In Anderson v. Stanwood, 178 Ore. 306, 167 P. (2d) 315 (1946), the plaintiff sued to recover $5,000 alleged to have been entrusted to defendant to purchase certain property for plaintiff. Defendant filed a general denial. Upon examination, *216 defendant refused to disclose where he had deposited the money, whereupon the court struck his answer and entered judgment for plaintiff. On appeal, the judgment was reversed, and defendant's answer was reinstated for the reason the question had no direct relevancy to the issues tendered by the complaint and answer.

The principles announced in the Hovey and Hammond cases and followed in the Feingold and Anderson cases seem to constitute the walls of the corridor in which Rule 37 must operate, for the United State Supreme Court said recently in Societe Internationale Pour Participations Industrielles et Commerciales, S.A. v. Rogers, 357 U.S. 197, 2 L.Ed. (2d) 1255, 78 S. Ct. 1087 (1958), that

"The provisions of Rule 37 which are here involved must be read in light of the provisions of the Fifth Amendment that no person shall be deprived of property without due process of law, and more particularly against the opinions of this Court in Hovey v. Elliott, 167 U.S. 409 and Hammond Packing Co. v. Arkansas, 212 U.S. 322. These decisions establish that there are constitutional limitations upon the power of courts, even in aid of their own valid processes, to dismiss an action without affording a party the opportunity for a hearing on the merits of his cause. The authors of Rule 37 were well aware of these constitutional considerations. See Notes of Advisory Committee on Rules, Rule 37, 28 U.S.C. (1952 ed.), p. 4325."

[3] Among the principles reflected by the foregoing authorities that must be considered in the implementation of Rule 37 to the instant case are these:

(a) A defendant who refuses to make discovery may be adjudged in contempt of court and punished. See State v. Estill, 55 Wn. (2d) 576, 349 P. (2d) 210 (1960); Keller v. Keller, 52 Wn. (2d) 84, 323 P. (2d) 231 (1958).

(b) The court may, as "other consequences, ... make such orders in regard to the refusal as are just ..."; but cannot deny to defendant the right to defend the action as "mere punishment." Defendant cannot be deprived of a constitutional right.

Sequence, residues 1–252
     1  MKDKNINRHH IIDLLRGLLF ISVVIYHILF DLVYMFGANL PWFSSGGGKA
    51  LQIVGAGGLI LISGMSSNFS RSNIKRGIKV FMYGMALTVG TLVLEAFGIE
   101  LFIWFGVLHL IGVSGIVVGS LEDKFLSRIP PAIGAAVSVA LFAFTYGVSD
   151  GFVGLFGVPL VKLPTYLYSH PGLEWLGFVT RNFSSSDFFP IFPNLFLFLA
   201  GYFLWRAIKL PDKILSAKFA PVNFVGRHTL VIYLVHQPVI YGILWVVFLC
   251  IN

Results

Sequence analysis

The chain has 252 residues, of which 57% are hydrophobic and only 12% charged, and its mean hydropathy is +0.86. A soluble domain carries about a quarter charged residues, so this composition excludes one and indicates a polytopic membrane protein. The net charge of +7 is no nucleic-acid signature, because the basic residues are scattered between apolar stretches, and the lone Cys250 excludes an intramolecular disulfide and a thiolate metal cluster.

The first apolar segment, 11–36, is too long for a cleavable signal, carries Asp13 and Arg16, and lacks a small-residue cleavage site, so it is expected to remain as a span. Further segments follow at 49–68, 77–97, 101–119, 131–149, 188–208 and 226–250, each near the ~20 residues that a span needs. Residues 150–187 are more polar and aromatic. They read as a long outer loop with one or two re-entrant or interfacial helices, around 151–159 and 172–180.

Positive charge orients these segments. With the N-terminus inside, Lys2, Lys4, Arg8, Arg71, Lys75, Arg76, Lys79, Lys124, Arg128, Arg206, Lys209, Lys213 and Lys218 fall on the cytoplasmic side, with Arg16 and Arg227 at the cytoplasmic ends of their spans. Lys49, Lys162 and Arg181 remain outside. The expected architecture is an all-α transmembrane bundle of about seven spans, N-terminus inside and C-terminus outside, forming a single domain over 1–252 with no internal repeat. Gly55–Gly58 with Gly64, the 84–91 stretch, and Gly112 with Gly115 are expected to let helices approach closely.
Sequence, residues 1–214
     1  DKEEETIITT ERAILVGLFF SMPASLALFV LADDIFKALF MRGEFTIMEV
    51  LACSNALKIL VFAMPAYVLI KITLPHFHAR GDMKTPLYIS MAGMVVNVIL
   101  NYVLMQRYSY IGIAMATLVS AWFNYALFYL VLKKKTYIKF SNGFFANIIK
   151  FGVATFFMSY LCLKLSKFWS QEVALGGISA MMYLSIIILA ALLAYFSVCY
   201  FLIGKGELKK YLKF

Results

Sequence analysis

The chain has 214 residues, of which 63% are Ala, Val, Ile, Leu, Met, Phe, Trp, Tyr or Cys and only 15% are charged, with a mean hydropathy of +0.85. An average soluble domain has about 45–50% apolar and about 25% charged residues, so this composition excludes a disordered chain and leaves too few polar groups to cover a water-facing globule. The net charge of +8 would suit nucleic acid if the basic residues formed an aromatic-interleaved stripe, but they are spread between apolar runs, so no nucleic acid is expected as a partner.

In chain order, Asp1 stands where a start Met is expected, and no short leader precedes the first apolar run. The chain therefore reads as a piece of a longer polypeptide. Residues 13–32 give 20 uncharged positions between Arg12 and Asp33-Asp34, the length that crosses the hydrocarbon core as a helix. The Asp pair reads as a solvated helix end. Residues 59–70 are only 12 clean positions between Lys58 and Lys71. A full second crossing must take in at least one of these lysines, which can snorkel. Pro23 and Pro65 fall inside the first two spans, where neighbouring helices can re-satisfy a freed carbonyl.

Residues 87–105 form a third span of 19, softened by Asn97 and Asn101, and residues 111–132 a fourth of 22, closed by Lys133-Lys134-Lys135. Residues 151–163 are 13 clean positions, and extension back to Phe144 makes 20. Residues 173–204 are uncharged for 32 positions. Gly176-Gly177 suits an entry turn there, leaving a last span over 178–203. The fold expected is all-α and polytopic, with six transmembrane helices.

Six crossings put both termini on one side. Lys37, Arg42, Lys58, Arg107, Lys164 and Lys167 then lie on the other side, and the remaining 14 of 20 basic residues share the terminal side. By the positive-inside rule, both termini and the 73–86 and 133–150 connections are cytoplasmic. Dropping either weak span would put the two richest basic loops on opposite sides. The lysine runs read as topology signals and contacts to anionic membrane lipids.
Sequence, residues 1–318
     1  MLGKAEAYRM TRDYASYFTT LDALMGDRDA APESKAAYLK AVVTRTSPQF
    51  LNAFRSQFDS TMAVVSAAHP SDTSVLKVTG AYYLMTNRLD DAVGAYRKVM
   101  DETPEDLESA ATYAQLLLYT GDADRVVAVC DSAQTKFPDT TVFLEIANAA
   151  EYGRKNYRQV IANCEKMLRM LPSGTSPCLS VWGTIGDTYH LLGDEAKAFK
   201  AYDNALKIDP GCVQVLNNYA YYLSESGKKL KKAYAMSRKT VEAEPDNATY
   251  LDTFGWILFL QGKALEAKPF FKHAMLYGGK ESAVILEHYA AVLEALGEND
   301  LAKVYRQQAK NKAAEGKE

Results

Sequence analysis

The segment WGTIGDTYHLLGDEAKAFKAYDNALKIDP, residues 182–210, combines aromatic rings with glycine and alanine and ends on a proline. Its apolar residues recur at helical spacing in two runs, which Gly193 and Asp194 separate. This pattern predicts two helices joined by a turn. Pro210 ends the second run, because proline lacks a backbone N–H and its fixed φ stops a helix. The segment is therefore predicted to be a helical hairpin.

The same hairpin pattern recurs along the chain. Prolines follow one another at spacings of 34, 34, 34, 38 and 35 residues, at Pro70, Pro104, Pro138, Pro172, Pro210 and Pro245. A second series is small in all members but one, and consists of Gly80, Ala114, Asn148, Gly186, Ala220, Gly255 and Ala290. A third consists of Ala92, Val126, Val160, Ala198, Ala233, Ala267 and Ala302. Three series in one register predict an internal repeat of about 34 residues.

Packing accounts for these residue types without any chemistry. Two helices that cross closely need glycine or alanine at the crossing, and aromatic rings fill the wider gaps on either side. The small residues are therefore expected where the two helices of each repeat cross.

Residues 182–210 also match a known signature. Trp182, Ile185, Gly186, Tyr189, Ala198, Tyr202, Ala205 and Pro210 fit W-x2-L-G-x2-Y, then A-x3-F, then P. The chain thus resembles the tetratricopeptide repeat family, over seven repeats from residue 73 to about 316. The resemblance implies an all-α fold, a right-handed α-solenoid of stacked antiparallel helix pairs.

(c) The purpose of the court's order shall be to balance *217 the rights of the parties so that the contemptor does not profit or benefit from his contemptuous act.

(d) The court may presume and infer, as a matter of law, that the evidence withheld by defendant would, if produced, contradict the contemptor's contentions and support the contentions of plaintiff. The truth of matters thus presumed to be established may result in drastically limiting defendants' proof or in striking all or part of pleaded defenses. This court said in Lawson v. Black Diamond Coal Mining Co., 44 Wash. 26, 36, 86 Pac. 1120 (1906):

"... when a party invokes the harsh remedy of striking a pleading and taking a judgment by default, he must not only allege, but must prove, the facts showing the materiality of the facts of which a discovery is sought, where such materiality does not appear from the interrogatories themselves, and no such showing was made in this case. In other words, he must prove that his adversary has failed or refused to make discovery of material facts."

The Oregon court said, in Anderson v. Stanwood, 178 Ore. 306, 167 P. (2d) 315 (1946):

"... the validity of an order striking a pleading pursuant to the statute under consideration is restricted to those cases where the failure to answer obviously withholds a fact or facts material to his adversary's case and is limited to the effect that ensues from any reasonable presumption which may be drawn from the refusal to discover such fact or facts." (Italics ours.)